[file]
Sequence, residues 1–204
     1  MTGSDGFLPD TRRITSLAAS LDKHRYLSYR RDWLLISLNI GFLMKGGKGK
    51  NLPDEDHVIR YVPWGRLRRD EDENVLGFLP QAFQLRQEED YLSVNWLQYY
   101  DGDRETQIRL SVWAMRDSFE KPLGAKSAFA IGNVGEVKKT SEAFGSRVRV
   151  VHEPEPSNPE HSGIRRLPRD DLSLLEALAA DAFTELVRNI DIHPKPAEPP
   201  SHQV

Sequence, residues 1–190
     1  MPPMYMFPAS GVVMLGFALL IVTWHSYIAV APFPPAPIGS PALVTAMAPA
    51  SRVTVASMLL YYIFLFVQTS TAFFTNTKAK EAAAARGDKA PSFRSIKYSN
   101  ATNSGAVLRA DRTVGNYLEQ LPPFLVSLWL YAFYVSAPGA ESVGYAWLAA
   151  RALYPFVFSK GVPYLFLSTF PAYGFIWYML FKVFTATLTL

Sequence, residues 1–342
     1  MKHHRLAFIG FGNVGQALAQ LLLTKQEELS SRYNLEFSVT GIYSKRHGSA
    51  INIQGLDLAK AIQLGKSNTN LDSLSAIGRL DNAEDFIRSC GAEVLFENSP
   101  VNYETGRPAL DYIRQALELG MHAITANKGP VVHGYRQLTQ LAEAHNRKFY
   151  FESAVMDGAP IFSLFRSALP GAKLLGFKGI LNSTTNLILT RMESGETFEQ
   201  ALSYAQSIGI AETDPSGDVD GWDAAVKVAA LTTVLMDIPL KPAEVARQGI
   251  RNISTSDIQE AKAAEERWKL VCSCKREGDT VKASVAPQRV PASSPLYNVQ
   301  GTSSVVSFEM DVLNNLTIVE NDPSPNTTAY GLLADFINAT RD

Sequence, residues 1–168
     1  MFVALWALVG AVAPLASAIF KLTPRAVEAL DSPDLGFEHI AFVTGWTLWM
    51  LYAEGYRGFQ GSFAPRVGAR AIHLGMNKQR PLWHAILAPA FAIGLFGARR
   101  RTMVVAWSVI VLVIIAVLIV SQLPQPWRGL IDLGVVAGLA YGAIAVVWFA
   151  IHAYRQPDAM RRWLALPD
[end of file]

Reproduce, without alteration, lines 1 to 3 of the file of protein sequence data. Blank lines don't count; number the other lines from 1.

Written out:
Sequence, residues 1–204
     1  MTGSDGFLPD TRRITSLAAS LDKHRYLSYR RDWLLISLNI GFLMKGGKGK
    51  NLPDEDHVIR YVPWGRLRRD EDENVLGFLP QAFQLRQEED YLSVNWLQYY